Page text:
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Canon 80d worse than Canon rebel t3i

yteln
Occasional Contributor

Hi,

 

I just got a brand new Canon 80D and took some test shots on the exact same settings as my old T3i (f/stop, shutter speed, ISO but also all the other settings I could manually set.. white balance, focus mode, exposure comp, flash exposure comp, image effects, auto correct image brightness off, one shot AF, metering mode, etc.). Also swapped the lense so that it was the same on both.I set both cameras to take L + raw and am comparing jpegs. 

 

I'd expect 80d win this comparison but t3i produced much nicer, brighter images. Even when looking at just LCD screen I could immediately tell that t3i photos are brighter and better looking, but then downloaded it on PC and confirmed that as well.

How's that possible? Either I'm missing something or my new 80d doesn't function properly since it's obviously a much better camera and with the same settings should produce superior images.

 

Any ideas what I may be missing, any hidden setting which might be causing it or is there anything I can do to figure it out?

Regards

35 REPLIES 35

RobertTheFat
Honored Contributor

@yteln wrote:

Hi,

 

I just got a brand new Canon 80D and took some test shots on the exact same settings as my old T3i (f/stop, shutter speed, ISO but also all the other settings I could manually set.. white balance, focus mode, exposure comp, flash exposure comp, image effects, auto correct image brightness off, one shot AF, metering mode, etc.). Also swapped the lense so that it was the same on both.I set both cameras to take L + raw and am comparing jpegs. 

 

I'd expect 80d win this comparison but t3i produced much nicer, brighter images. Even when looking at just LCD screen I could immediately tell that t3i photos are brighter and better looking, but then downloaded it on PC and confirmed that as well.

How's that possible? Either I'm missing something or my new 80d doesn't function properly since it's obviously a much better camera and with the same settings should produce superior images.

 

Any ideas what I may be missing, any hidden setting which might be causing it or is there anything I can do to figure it out?

Regards


Which camera produces a more realistic image? I'm going to guess it's the 80D.

 

The 80D, a newer and more expensive camera, undoubtedly has a greater dynamic range than the T3i. Which means that a picture taken under normal lighting conditions will take up more of the dynamic range of the T3i than of the 80D. This is apt to make the highlights brighter, and the shadows dimmer, on the T3i. But it's really an artificial effect. You can choose to have the same effect on the 80D by turning up the brightness and contrast in post-processing, but what you're really doing is matching the artificiality of the T3i.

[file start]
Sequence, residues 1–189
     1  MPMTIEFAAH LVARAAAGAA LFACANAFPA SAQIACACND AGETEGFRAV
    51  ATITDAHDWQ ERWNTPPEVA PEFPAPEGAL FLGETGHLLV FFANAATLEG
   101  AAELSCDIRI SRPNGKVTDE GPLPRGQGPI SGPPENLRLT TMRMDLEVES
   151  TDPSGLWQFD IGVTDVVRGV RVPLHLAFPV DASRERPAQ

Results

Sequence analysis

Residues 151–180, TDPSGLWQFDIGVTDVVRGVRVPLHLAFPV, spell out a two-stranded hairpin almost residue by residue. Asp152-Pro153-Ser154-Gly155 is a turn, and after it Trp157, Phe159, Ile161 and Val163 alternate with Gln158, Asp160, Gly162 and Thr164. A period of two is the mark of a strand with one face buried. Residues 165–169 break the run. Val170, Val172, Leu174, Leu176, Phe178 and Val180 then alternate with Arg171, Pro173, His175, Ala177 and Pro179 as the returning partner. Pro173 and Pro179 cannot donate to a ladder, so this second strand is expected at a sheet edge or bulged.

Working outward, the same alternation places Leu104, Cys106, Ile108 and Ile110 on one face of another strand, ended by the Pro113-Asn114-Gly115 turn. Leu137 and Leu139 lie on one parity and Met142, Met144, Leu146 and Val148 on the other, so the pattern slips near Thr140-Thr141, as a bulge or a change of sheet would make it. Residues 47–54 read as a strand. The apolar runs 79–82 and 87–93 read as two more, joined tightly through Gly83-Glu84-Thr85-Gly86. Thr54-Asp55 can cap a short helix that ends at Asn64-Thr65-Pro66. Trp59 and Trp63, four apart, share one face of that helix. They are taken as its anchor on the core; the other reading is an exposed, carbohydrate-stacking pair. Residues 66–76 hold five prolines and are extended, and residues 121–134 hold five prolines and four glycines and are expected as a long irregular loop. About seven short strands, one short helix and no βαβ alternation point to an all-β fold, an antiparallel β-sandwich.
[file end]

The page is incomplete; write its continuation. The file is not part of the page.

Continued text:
Also, you should be shooting in RAW mode on the 80D for best effect. (You should be shooting in RAW mode on the T3i as well, but it will probably make less difference there.)

 

Also note that when assessing the accuracy of an image, you can't always trust your lying eyes. The human eye-brain combination has an uncanny ability to project what it expects to see on a scene. A camera lacks that ability and has to show you what it actually saw, which may not be what you thought you saw.

Bob
Philadelphia, Pennsylvania USA

"The human eye-brain combination has an uncanny ability to project what it expects to see on a scene. A camera lacks that ability and has to show you what it actually saw, which may not be what you thought you saw."

 

This is so true.  It is a good idea to have two or more people look at the A-B comparisons. When I prepare wedding photos or Senior photos or any photos for sale, I always have at least three people look over the proofs before I do any printing or delivering to the client.

EB
EOS 1DX and 1D Mk IV and several lenses!

Waddizzle
VIP

Same settings?  Does that include downloading lens data into the 80D?  

 

Speaking of lens, what lens did you use?  A high resolution sensor can miss focus with lenses that are not all that sharp.  For example, zoom in on the image to 200%. Does it look soft?  That is almost what the camera is seeing to bring the image into focus.

 

Zooming to 100% means your monitor displays one image pixel per monitor pixel.  The 80D images should seem as if they are zoomed in deeper, because they are. The 24MP image from the 80D will need more display pixels than an 18MP image from a T3i.

 

As far as picture style, color and contrast intensity goes, the T3i is has more noise to hide than the 80D.  I suggest that you use a quality lens.  The EF-S 18-55mm IS STM lens that comes with some 80D camera kits is a pretty good lens when shooting with good light and low ISO.